Identifying & Treating Alopecia Areata In Toddlers
The name alopecia areata is quite a mouthful and if you're told it's the name of a disease you are sure to think that it's a complicated and fatal disease. While alopecia areata is a complicated disorder, it's neither fatal nor dangerous. Simply put, it is an autoimmune disorder that causes hair fall.
Conditions during Toddler Alopecia Areata
In this condition a toddler's immune system attacks the follicles of his hair,...
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...very much as though it is protecting his body from an illness. This onslaught from the immune system causes patches of hair to fall off. This disorder causes no pain and will not affect your toddler's health in any way. The most you'll have to contend with is a bald-ish look.
The reason this disorder is complicated is because it is extremely unpredictable. There is no definite cause for alopecia although researchers say genetics could be one cause. According to studies one in five people with alopecia has had a family member who had it too. Studies also show that alopecia does occur in families which have a history of hay fever, atopic eczema, asthma or other autoimmune disease. But the exact cause or trigger for this disorder is yet to be known. In most cases, stress is considered a prime cause of hair loss, but alopecia areata is not caused due to stress.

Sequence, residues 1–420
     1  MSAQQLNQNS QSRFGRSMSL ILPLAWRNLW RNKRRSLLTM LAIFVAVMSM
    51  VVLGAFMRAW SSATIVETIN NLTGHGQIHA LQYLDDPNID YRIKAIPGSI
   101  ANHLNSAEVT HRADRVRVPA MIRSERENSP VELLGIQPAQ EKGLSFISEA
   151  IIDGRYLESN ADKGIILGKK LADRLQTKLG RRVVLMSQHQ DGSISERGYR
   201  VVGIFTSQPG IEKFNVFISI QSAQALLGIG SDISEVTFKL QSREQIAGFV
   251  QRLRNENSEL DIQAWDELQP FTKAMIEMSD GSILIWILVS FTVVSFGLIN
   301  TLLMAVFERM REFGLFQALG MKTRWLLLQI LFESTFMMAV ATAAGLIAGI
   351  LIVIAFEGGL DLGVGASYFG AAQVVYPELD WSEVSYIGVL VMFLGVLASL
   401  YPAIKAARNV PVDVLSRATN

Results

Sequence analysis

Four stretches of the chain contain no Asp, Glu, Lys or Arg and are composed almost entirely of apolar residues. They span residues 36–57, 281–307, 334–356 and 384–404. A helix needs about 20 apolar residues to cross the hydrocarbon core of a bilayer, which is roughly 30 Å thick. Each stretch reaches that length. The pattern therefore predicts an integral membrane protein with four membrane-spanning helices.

Also, there is no set pattern for hair loss. Nor is there a pattern for intensity. Some toddlers may lose just one patch, some others may lose several patches and there could also be cases where the toddler loses hair all over the scalp and the body.
Similarly there is no predictability on hair re-growth. In most cases, hair grows back in a few months time. However, if there is no re-growth in a year's time it's possible that the hair may never grow or only grow after several years.
Identify alopecia areata
If your toddler is suddenly losing hair in clumps and there are round or oval bald patches that appear very suddenly on his scalp, it is most likely alopecia. Other signs that the hair loss is alopecia is that the bald patch will be smooth and the hair in that area will be really short, close to the scalp and the hair could be colored. Also, in some cases your toddler could have dent like marks on his nails.
Treatment for Toddler Alopecia Areata
Since research hasn't been able to come up with a definite cause or trigger for alopecia, there is no cure or preventive measure that you can take. However, if the bald patches are not growing back on your toddler's scalp, you could consult a dermatologist.
Dermatologists may be hesitant, though, to administer any treatment for hair growth for toddlers as most medications may have side effects. If you are opting for a treatment, do thoroughly check with the doctor about its possible side effects. Also, if there are several bald smooth patches on your toddler's scalp, ensure that he is well protected from the sun; make him wear a hat at all times, as the bald areas could get sunburnt.
Alopecia areata is a complex disorder, and if your toddler does contract this condition, take heart from the fact that in almost 90 percent of the cases, the hair loss is restored in a few months without any treatment. Another plus for you is that you don't have to worry about how your child feels about his looks because toddlers aren't too clued in on appearances yet.
Toddler Hair Loss Alopecia Areata